"Hey, Olivier... that promo you made for us yesterday was really cool! Everyone really likes it. That was a pretty sweet idea."
Oh... well um, thanks! It was fun putting it together. :)
"Right... so... what I'd like to do is send out four more promos this afternoon, if you don't mind. I have to run out for a few hours, but I wrote down all the details for you. Can you put something together for each one by the end of the day?"
1. Do you know the average annual value of a customer to your business?
2. Do you know the cost of a customer complaint to your business?
3. Do you know the total cost to your business of resolving a complaint?
4. Do you know the cost of acquiring a new customer?
Do you know the average annual value of a customer to your business?Those numbers kind of blew me away. Anyone with a marketing budget - which is pretty much just about everyone who either owns, runs or works for some kind of business - ought to have at least some idea of how much each new customer costs, right?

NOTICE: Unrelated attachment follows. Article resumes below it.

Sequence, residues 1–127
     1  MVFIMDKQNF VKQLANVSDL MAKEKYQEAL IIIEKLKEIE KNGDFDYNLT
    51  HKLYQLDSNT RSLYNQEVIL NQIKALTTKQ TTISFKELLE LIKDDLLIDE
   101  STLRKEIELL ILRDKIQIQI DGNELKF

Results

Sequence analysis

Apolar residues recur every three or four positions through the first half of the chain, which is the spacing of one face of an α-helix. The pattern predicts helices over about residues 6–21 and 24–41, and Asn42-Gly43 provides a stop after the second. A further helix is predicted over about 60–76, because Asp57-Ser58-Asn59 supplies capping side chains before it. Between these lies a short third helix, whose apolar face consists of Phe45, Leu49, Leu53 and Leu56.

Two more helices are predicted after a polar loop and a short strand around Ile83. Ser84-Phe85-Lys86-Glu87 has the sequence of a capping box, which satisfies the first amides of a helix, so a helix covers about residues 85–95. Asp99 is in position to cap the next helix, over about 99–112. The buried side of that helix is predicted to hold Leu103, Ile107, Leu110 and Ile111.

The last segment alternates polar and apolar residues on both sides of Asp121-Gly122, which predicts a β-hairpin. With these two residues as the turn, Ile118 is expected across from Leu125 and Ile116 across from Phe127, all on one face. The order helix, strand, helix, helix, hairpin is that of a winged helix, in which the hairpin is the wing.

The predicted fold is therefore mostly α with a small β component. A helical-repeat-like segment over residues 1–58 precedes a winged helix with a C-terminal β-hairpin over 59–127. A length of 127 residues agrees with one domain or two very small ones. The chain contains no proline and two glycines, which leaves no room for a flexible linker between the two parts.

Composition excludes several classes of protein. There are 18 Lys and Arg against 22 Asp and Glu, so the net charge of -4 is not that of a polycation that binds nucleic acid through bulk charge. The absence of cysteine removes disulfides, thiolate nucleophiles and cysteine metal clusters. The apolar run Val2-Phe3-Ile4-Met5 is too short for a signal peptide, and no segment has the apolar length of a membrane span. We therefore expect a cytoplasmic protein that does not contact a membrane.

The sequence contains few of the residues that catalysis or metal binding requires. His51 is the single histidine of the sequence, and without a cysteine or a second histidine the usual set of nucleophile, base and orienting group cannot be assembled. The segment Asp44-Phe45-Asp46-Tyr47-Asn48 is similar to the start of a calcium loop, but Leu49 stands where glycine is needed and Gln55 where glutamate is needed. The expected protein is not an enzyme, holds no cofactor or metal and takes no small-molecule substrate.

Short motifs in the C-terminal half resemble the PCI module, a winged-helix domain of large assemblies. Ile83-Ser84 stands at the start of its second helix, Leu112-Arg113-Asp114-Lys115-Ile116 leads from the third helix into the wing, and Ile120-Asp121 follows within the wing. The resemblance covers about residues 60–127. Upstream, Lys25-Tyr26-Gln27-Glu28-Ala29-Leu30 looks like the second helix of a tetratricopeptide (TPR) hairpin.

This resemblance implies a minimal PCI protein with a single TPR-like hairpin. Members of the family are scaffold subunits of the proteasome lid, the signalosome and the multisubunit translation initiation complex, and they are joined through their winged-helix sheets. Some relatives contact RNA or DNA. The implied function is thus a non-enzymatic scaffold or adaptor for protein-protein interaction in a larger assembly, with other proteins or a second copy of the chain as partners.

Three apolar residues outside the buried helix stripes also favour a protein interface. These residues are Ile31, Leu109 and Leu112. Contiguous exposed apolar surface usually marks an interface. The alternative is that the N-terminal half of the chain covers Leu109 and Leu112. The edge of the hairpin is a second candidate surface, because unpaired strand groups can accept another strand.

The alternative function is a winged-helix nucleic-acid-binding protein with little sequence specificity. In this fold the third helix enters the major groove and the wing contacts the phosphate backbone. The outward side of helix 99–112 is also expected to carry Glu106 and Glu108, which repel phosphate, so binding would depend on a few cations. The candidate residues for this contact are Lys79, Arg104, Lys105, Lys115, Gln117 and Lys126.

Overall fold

Don’t know: 87.1%
Do you know the cost of a customer complaint to your business?
Don’t know: 90.3%
Do you know the cost of acquiring a new customer?
Don’t know: 91.4%
"I have never stabilized an organization. Crystallizing an organization is freezing the energy. In chemistry, instability is very good because it creates some combinations you don't expect."
"Without change, there is fossilization,and that's the worst thing that can happen."
"Ideas,are so fragile, so tenuous, that managers must destroy layers that can obscure or damage them. If you have an organization that is too administrative, you are just killing the ideas. As we say in France, when you ask a committee to draw a horse, you get a camel."